The industrial revolution began to pick up pace in 1750. The revolution started with evolution of steam power and the steam engine, which took many decades. This was a solution looking for a problem and it was applicable to many industries, the first were textiles and mining.
The advances in science in the 17th century created a better understanding of materials and spurred advances in the field of engineering. The advances in technology changed the cost of materials, for example, by 1840 iron became so cheap it started to replace clay and wooden pipes.
The industrial revolutions of the 18th century was a catalyst for change and had an impact on projects not just new materials that could be assembled more quickly but also where steam replaced muscle. This improved the productivity of labor and advanced all sorts of machines and equipment to handle materials and heavy loads. This evolution led to the transportation revolution of the 19th century with the extensive building of canals, bridges, roads, and rails.
In parallel, the industrial revolution brought in a materials revolution. The production costs of certain building materials like concrete, iron, and glass began to drop and so these gradually replaced more traditional materials. This happened with the use of iron in bridges (1775) and railways (1825) which were to become ground breaking projects as they pushed the limits of new technologies, and ingenious in how they overcame project challenges.
A new bridge was required over the river Severn in Coalbrookdale, Shropshire, a centre for iron production. With the availability of cast iron it seemed only logical for the project to use it as it would be considerably lighter than a stone bridge with a larger arch span. Also it would help promote the use of iron, and exemplify a new application for it.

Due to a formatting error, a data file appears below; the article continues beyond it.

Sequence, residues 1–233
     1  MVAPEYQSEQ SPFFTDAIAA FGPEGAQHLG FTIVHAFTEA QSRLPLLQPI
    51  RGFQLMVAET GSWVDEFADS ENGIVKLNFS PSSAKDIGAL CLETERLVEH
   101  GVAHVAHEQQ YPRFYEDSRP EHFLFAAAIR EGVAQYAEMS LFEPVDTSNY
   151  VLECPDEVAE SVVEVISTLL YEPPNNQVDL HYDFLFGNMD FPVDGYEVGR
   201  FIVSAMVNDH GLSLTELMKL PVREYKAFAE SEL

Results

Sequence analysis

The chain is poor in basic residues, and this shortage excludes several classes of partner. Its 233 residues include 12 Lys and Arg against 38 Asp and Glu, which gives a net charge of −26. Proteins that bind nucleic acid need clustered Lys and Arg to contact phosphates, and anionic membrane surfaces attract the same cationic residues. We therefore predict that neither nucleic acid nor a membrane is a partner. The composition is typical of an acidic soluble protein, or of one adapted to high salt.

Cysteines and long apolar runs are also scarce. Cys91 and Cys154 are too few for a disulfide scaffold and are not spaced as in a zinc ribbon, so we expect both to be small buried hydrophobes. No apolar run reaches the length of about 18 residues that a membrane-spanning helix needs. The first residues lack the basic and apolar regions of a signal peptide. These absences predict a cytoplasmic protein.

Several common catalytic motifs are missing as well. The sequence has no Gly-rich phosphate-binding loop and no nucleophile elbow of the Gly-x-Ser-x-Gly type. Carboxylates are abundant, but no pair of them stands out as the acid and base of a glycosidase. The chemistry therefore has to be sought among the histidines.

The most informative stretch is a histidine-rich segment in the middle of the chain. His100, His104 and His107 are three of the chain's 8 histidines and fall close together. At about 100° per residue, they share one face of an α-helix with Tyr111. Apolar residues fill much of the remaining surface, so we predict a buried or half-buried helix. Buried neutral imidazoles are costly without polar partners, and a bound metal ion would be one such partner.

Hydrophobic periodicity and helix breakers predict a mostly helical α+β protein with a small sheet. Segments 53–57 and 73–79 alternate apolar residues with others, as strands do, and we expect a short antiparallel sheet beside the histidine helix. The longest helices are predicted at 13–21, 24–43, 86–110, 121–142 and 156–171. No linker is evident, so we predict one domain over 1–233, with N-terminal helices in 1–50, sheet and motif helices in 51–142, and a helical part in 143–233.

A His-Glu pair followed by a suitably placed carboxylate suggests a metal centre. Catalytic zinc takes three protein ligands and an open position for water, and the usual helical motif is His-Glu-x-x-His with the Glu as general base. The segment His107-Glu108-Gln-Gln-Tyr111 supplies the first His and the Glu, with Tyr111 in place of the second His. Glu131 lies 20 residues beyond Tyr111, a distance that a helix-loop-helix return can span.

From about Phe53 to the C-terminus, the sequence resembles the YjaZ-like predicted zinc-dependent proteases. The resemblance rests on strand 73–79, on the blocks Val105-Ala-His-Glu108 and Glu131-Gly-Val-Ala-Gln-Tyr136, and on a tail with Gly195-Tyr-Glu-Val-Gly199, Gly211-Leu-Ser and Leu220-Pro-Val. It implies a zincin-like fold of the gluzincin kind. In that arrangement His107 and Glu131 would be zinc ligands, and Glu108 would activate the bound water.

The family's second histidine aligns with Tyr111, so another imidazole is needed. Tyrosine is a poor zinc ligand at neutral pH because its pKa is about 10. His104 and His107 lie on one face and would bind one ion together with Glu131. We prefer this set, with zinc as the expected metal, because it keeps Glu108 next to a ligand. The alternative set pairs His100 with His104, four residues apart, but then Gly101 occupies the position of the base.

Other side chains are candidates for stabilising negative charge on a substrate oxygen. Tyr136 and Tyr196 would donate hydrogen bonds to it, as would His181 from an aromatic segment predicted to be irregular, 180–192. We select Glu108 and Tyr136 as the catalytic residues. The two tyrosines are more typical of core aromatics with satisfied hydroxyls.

Thomas Pritchard designed the Iron Bridge. Darby a local ironmaster was commissioned to cast and build the bridge. When Darby defined estimates for the project he agreed to fund any overspend and shares were issued to raise the required investments. The team was unfamiliar with connecting large cast-iron pieces together so they used the typical woodworking methods of the era. The joints cast would all be familiar to a carpenter like the mortise and tenons, and dovetails and wedges. This was common through the industrial revolution where an existing practice was used with a new material or technology, in a less than efficient way.
The bridge comprised of more than 800 castings of 12 basic types. The project erection phase was complex and dangerous. Darby under-estimated the project and bore the additional cost of 78 tons of iron (at £3,000 equivalent to three quarters of a million pounds today) plus masonry abutments, and assembly, the rest was covered by an issue of shares. The final cost of building the Bridge was £6,000. He was in debt for the rest of his short life. The bridge was over-designed, and subsequent bridges used far less cast iron. Read about how these and other project problems were addressed in the book "The History of Project Management."
Because this was the first cast-iron bridge in the world it rapidly became the focus of travelers from all over the world, and was an icon of the "Industrial Revolution." The Sunderland Bridge, that opened in 1796, continued to push bridge building forward. The iron arch was 15 times lighter than an equivalent arch in stone, and its span of 236 feet was far in excess of any single-arched stone bridge in existence. Read about the "History of PM Timelines"